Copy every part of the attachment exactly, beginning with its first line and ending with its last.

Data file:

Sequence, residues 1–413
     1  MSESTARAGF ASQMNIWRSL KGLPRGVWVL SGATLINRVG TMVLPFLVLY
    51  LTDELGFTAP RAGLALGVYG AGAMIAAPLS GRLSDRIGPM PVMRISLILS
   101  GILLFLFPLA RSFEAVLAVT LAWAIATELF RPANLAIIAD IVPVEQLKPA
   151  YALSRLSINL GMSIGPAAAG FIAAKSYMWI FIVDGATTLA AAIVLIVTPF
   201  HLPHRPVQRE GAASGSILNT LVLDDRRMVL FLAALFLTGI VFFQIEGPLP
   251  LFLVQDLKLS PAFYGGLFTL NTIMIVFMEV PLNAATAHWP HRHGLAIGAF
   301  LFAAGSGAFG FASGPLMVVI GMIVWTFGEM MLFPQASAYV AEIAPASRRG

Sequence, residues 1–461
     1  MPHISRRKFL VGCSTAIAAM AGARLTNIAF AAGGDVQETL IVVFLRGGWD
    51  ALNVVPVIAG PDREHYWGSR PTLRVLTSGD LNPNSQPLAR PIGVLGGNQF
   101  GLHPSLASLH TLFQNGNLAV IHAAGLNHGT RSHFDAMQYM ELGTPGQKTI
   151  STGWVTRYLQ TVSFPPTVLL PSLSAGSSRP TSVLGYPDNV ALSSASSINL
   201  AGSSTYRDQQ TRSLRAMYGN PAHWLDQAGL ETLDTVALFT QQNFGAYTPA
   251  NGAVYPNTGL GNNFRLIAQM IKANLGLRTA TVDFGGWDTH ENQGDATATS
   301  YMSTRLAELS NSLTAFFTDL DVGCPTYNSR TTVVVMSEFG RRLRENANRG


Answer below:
Sequence, residues 1–413
     1  MSESTARAGF ASQMNIWRSL KGLPRGVWVL SGATLINRVG TMVLPFLVLY
    51  LTDELGFTAP RAGLALGVYG AGAMIAAPLS GRLSDRIGPM PVMRISLILS
   101  GILLFLFPLA RSFEAVLAVT LAWAIATELF RPANLAIIAD IVPVEQLKPA
   151  YALSRLSINL GMSIGPAAAG FIAAKSYMWI FIVDGATTLA AAIVLIVTPF
   201  HLPHRPVQRE GAASGSILNT LVLDDRRMVL FLAALFLTGI VFFQIEGPLP
   251  LFLVQDLKLS PAFYGGLFTL NTIMIVFMEV PLNAATAHWP HRHGLAIGAF
   301  LFAAGSGAFG FASGPLMVVI GMIVWTFGEM MLFPQASAYV AEIAPASRRG

Sequence, residues 1–461
     1  MPHISRRKFL VGCSTAIAAM AGARLTNIAF AAGGDVQETL IVVFLRGGWD
    51  ALNVVPVIAG PDREHYWGSR PTLRVLTSGD LNPNSQPLAR PIGVLGGNQF
   101  GLHPSLASLH TLFQNGNLAV IHAAGLNHGT RSHFDAMQYM ELGTPGQKTI
   151  STGWVTRYLQ TVSFPPTVLL PSLSAGSSRP TSVLGYPDNV ALSSASSINL
   201  AGSSTYRDQQ TRSLRAMYGN PAHWLDQAGL ETLDTVALFT QQNFGAYTPA
   251  NGAVYPNTGL GNNFRLIAQM IKANLGLRTA TVDFGGWDTH ENQGDATATS
   301  YMSTRLAELS NSLTAFFTDL DVGCPTYNSR TTVVVMSEFG RRLRENANRG